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Corrective and Preventive Action (CAPA) -Part 2: Preventive Actions and Verification

2/22/2021  By Kristine McDonald

 

Corrective and Preventive Action (CAPA) -Part 2: Preventive Actions and Verification

Last month I introduced the use of a Corrective and Preventive Action (CAPA) program to work to find a root cause by using a 5-Why technique, but that is just the start of a CAPA. The next step after a root cause is discovered is to prevent the issue from reoccurring by instituting actions that are effective. Done correctly, a CAPA will extend beyond the specific failure to other possible failures with the same or similar root cause. To ensure the preventive actions are effective, a verification step is necessary. Verification periods should be set to appropriately assess the preventive actions have successfully prevented the root cause of the issue from reoccurring.

Using a diverse team is not only necessary in coming to a true root cause but to also find effective preventive actions. It is too easy for us to look at solutions from our work perspective only and not view other preventive actions from other points of view. Having outside input allows us to truly assess the root cause and actions to prevent it from reoccurring.

A diverse team has been assembled, the root cause has been determined through the 5-Why technique, now it is time to develop and assign preventive actions. Preventive actions must correct the processes or develop processes that will truly prevent reoccurrence. Rarely is re-training an employee an effective preventive action. This is because a failure is more about processes not being sufficient to prevent the root cause from happening. Employees will change and if the training is the only prevention, ensuring that training is complete needs to be corrected in the process. Create actions that will make the reoccurrence of the root cause virtually impossible.

Most CAPAs will have multiple preventive actions. Remember, these are actions that will permanently correct the issue, not just “band-aid” it. If there are structural or equipment failures, what preventive maintenance issues have been overlooked? If personnel have made “human-errors” in blending, what safeguards can be put into place to prevent “human-errors” from happening, e.g. physically removing supplies from an area or placing locks on supply areas.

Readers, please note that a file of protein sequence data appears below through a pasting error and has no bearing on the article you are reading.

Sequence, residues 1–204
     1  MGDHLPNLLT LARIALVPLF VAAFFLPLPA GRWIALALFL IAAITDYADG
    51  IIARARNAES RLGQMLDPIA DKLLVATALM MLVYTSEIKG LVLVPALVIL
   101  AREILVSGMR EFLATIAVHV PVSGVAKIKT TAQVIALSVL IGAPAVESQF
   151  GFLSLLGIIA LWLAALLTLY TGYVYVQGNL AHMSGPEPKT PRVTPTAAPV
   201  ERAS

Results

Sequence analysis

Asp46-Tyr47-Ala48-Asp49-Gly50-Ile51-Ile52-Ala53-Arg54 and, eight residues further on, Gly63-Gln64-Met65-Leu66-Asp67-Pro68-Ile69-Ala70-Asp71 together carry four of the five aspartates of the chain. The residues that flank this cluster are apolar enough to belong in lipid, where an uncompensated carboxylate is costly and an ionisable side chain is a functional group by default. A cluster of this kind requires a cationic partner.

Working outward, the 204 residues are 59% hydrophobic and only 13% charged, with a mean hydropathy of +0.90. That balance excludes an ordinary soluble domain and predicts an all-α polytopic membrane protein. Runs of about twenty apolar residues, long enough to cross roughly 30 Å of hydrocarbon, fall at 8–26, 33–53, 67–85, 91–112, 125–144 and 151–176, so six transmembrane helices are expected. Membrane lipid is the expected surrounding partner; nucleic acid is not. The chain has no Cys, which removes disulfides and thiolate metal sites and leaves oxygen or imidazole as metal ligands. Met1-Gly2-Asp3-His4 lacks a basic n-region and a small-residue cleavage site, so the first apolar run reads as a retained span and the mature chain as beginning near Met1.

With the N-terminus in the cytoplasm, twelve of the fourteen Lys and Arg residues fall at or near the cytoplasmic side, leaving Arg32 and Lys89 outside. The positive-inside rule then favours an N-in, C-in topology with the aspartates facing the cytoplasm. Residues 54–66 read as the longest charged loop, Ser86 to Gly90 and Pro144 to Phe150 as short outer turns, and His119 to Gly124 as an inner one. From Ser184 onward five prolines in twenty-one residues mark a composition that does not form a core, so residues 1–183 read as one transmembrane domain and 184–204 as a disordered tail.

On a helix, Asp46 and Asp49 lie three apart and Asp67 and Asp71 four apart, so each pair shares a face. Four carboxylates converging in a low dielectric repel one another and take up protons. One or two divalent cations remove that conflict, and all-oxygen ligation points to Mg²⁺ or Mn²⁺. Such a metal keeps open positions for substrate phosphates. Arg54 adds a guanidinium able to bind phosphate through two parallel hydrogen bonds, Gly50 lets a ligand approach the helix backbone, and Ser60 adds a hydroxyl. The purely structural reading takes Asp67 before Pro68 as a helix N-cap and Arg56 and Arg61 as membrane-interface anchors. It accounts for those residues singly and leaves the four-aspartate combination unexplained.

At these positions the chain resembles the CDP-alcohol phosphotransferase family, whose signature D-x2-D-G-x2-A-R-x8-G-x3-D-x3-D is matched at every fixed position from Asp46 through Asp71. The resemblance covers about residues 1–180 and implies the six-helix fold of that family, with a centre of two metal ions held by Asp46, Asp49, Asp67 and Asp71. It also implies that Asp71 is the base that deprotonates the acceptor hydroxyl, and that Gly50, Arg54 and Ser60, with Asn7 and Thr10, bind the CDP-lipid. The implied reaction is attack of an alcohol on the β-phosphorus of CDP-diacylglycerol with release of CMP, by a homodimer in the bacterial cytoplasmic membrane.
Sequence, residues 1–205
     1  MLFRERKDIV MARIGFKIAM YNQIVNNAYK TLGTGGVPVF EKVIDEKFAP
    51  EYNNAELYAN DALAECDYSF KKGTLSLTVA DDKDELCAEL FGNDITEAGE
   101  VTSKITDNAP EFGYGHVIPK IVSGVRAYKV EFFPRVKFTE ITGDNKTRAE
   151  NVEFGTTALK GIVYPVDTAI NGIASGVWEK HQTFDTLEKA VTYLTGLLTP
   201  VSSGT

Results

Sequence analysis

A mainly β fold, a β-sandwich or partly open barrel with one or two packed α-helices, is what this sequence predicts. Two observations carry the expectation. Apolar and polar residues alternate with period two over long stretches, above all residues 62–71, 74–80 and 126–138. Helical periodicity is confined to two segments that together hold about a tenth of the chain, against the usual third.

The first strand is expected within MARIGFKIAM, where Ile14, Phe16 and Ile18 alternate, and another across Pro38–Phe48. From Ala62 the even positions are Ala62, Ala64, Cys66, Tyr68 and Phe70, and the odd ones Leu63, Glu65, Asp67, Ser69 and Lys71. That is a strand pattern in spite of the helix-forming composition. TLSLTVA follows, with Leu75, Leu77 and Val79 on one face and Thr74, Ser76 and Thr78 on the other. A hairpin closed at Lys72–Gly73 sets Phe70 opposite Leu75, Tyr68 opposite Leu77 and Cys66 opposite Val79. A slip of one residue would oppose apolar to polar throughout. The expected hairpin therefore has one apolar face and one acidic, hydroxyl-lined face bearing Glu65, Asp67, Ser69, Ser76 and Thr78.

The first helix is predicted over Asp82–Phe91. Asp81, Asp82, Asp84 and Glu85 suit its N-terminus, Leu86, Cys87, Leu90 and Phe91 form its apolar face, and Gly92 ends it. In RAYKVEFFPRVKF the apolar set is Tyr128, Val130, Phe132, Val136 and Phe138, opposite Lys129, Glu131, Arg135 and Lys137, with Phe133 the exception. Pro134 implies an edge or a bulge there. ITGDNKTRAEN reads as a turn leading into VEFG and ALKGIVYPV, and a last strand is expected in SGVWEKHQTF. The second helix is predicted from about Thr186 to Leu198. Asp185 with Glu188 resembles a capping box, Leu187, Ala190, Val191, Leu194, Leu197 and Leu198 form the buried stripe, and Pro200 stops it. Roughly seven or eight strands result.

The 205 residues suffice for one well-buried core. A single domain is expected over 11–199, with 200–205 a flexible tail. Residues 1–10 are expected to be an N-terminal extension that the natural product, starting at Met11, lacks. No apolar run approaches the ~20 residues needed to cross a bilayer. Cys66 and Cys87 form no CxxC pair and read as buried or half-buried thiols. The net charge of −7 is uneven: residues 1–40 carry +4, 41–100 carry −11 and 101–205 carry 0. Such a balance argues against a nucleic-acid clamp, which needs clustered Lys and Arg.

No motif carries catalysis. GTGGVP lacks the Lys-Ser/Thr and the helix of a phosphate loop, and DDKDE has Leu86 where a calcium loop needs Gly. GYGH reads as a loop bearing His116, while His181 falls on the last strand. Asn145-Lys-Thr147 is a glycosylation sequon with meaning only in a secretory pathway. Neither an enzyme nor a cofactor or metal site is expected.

The last step in creating preventive actions is to ask the question, “Will these preventive actions truly prevent the root cause issue from reoccurring?” If the answer is “yes”, move to completing the actions. If the answer is “no” or “maybe”, work to find other actions that will change that answer to “yes”. This may include ensuring all root causes have been directly addressed with a preventive action or to add to the actions. Ensuring the preventive actions will be effective will make the CAPA successful, put the work in at this stage.

Once the preventive action plan is created, do the actions. Ensure all actions are complete and that they are appropriate to the CAPA they were created for. Then determine, with the team, an appropriate duration for the verification stage. The verification stage must be a sufficient amount of time to allow for the issue that caused the CAPA in the first place, or something similar to occur to prove that the preventive actions were effective in preventing a reoccurrence of said issue. This time frame may be a few weeks, a few months, or even a year. This is a valuable step as it will allow for evidence that the CAPA was effective.

Should the Verification stage fail, meaning the issue was not prevented by the preventive actions, it is back to the drawing board. Solutions may include re-assessing the preventive actions, re-assessing the root cause, adding additional persons to the team, or starting over from scratch. If the verification is effective, the CAPA can be closed successfully.

Don’t forget to ensure others that may experience this type of issue and were not directly involved in the CAPA are informed as it may be useful in preventing issues before they have occurred in their area. Tree Top conducts a monthly Structured Communication with our facilities and other departments to communicate quality metrics and CAPAs that are opened each month. This allows for transparency through our organization on the improvements that are happening through our CAPA program.